The US Department of Justice has said it will not bring federal charges against a New York City police officer in the 2014 death of Eric Garner.
Garner, a 43-year-old African American, was detained for allegedly selling loose cigarettes and died after being placed in a chokehold by the officer.
A civil rights investigation was launched in 2014 after a grand jury declined to indict on criminal charges.
Officer Daniel Pantaleo was "gratified" by the outcome, his lawyer said.
Prosecutors say there was insufficient evidence to bring charges.
The decision comes one day before the statute of limitations was set to expire - on the fifth anniversary of the interaction with police that led to Garner's death.
"The evidence here does not support Officer Daniel Pantaleo or any other officer with a federal civil rights violation," said the US attorney for eastern New York, Richard Donoghue.
"Even if we could prove that Officer Pantaleo's hold of Mr Garner constituted unreasonable force, we would still have to prove beyond a reasonable doubt that Officer Pantaleo acted wilfully in violation of the law."
In a news conference following the announcement, Garner's family members called on New York City Mayor Bill de Blasio to fire Mr Pantaleo, who remains on the police force. He has been suspended with pay.
In June, the police department held a disciplinary trial to determine if Mr Pantaleo should be punished in for using what appeared to be a chokehold on Garner - which the department had banned more than two decades before.
The judge has yet to send a recommendation to the police commissioner, who will make the final decision about whether to discipline or fire Mr Pantaleo.
Stuart London, Mr Pantaleo's attorney, told US media in a statement: "Officer Pantaleo is gratified that the Justice Department took the time to carefully review the actual evidence in this case rather than the lies and inaccuracies which have followed this case since its inception."
He said loss of life "is always a tragedy", while noting Mr Pantaleo "utilised NYPD approved techniques to make the arrest".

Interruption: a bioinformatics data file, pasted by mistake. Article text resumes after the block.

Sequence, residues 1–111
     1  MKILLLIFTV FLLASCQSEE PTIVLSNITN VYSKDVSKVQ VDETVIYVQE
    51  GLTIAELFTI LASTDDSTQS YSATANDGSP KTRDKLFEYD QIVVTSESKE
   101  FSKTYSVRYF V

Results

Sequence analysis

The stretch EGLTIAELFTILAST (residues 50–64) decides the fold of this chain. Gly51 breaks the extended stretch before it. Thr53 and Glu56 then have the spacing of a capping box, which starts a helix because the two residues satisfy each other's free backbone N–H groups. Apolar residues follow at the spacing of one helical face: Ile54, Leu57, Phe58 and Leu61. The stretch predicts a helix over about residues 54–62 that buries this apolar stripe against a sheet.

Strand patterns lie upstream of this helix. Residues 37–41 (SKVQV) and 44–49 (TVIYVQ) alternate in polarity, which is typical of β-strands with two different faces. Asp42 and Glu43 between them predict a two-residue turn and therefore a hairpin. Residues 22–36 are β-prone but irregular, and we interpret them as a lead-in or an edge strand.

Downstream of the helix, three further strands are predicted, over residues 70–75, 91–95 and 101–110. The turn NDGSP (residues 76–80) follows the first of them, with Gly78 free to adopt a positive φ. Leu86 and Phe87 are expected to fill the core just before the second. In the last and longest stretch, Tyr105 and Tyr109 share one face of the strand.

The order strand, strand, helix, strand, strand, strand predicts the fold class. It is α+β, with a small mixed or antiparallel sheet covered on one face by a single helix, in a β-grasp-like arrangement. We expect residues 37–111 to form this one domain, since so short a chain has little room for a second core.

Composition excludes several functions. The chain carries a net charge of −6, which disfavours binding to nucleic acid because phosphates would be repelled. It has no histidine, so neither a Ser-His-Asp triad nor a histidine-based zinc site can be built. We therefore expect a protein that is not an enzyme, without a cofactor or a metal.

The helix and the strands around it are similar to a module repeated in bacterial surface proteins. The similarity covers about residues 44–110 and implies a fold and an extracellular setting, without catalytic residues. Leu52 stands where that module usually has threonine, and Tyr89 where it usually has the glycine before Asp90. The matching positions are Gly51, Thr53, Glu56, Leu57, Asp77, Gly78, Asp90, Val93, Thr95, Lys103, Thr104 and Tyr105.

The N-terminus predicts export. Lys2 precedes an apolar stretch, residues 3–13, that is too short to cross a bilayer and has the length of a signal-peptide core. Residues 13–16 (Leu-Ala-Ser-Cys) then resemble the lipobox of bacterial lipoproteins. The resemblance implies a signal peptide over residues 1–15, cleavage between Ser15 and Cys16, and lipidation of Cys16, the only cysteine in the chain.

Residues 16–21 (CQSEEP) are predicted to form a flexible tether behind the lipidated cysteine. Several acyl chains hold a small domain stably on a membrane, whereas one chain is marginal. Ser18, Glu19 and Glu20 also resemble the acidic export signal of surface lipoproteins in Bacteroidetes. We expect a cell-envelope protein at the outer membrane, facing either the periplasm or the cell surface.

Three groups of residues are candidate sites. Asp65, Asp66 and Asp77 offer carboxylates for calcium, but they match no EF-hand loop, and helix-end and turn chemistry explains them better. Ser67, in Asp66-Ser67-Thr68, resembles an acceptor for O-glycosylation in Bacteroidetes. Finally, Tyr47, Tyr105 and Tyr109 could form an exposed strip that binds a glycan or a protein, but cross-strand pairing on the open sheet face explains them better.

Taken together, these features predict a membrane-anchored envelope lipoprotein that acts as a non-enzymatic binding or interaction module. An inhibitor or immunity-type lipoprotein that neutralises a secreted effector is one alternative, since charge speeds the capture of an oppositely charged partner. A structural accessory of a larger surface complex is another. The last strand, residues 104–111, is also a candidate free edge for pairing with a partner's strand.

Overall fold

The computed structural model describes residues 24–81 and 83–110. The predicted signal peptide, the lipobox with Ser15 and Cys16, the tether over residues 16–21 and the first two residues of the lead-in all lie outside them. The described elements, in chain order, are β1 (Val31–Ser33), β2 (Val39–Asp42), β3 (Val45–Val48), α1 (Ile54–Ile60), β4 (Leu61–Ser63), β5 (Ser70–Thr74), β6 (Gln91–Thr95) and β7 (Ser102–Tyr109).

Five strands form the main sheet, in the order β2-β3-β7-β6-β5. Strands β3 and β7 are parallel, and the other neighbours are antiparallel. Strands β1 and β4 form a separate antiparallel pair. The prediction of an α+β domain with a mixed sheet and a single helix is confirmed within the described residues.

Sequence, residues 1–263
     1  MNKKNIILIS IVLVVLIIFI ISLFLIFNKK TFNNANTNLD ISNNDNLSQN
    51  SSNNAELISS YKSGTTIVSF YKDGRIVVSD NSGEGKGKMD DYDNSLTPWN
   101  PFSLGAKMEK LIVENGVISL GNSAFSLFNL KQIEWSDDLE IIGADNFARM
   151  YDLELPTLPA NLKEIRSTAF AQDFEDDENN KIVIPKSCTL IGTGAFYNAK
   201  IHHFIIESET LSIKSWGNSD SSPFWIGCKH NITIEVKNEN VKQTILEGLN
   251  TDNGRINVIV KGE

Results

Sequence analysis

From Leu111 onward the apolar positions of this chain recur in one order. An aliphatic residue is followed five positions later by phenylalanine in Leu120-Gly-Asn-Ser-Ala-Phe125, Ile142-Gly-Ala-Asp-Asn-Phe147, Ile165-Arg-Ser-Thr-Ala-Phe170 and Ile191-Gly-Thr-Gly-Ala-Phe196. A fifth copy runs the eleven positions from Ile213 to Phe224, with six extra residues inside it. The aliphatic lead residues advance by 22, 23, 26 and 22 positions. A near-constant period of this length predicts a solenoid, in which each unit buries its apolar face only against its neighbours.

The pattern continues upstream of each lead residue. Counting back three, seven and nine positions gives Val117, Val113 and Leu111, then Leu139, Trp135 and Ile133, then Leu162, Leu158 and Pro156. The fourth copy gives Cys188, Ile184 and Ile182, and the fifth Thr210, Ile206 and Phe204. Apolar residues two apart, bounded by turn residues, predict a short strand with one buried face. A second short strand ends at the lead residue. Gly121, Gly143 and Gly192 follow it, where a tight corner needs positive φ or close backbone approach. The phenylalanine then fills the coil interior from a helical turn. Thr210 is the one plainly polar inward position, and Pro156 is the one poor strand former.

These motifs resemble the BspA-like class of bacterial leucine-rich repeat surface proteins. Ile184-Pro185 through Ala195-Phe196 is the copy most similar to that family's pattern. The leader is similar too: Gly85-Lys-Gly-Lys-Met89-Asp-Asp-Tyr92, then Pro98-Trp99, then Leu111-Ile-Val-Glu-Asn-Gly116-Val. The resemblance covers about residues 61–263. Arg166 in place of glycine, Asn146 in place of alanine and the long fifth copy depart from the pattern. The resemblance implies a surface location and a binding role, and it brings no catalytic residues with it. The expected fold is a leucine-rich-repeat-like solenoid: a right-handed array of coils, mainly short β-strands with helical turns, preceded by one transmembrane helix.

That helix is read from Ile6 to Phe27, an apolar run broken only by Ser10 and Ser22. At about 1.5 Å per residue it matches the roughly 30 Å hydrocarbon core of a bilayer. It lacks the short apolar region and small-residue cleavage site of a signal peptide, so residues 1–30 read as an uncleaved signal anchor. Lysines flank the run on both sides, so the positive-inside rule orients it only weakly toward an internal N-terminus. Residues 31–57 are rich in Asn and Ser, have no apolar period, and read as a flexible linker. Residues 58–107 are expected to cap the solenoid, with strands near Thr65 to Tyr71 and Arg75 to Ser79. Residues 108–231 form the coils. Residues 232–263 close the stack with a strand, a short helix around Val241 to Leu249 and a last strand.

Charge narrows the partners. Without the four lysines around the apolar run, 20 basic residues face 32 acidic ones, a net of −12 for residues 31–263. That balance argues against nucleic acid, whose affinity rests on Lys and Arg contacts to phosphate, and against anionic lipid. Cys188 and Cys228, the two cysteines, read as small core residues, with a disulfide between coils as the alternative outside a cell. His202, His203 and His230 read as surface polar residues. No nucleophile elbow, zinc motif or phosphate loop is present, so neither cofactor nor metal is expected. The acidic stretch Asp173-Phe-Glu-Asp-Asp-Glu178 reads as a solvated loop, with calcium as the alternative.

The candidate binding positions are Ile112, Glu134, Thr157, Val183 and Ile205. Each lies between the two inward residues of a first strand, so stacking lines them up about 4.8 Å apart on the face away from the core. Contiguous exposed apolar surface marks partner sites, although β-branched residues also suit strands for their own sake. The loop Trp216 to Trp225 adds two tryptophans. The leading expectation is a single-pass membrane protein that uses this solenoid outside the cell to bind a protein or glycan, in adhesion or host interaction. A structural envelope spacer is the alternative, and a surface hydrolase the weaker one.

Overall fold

Garner's mother, Gwen Carr, said on Tuesday that the justice department had "failed".
"Five years ago, my son said "I can't breathe" 11 times. Today, we can't breathe."
Garner, an asthmatic, is heard on video of the encounter filmed by a bystander crying out, "I can't breathe" as a number of officers restrained him on a street in New York.
His words became a rallying cry for Black Lives Matter protesters and other police reform activists.
Standing with Ms Carr, civil rights leader Reverend Al Sharpton, added: "Five years ago, Eric Garner was choked to death. Today the federal government choked Lady Justice, and that is why we are outraged."
Echoing the comments of Garner's family, Mr de Blasio said in a statement that the justice department had failed the city.
"Years ago, we put our faith in the federal government to act. We won't make that mistake again," he said.
The mayor, who is running for the 2020 Democratic nomination, added that the city "is not the same" as it was at the time of Garner's death.
"We are a different city, and we must act like a different city," he said, noting that crime in New York has reached "record lows".
Officials told US media that the final decision not to bring charges was made by Attorney General William Barr.
A justice department official said that prosecutors watched the video of Garner's confrontation with police "countless" times, but were unconvinced that Officer Pantaleo wilfully used excessive force in Garner's death, US media reports.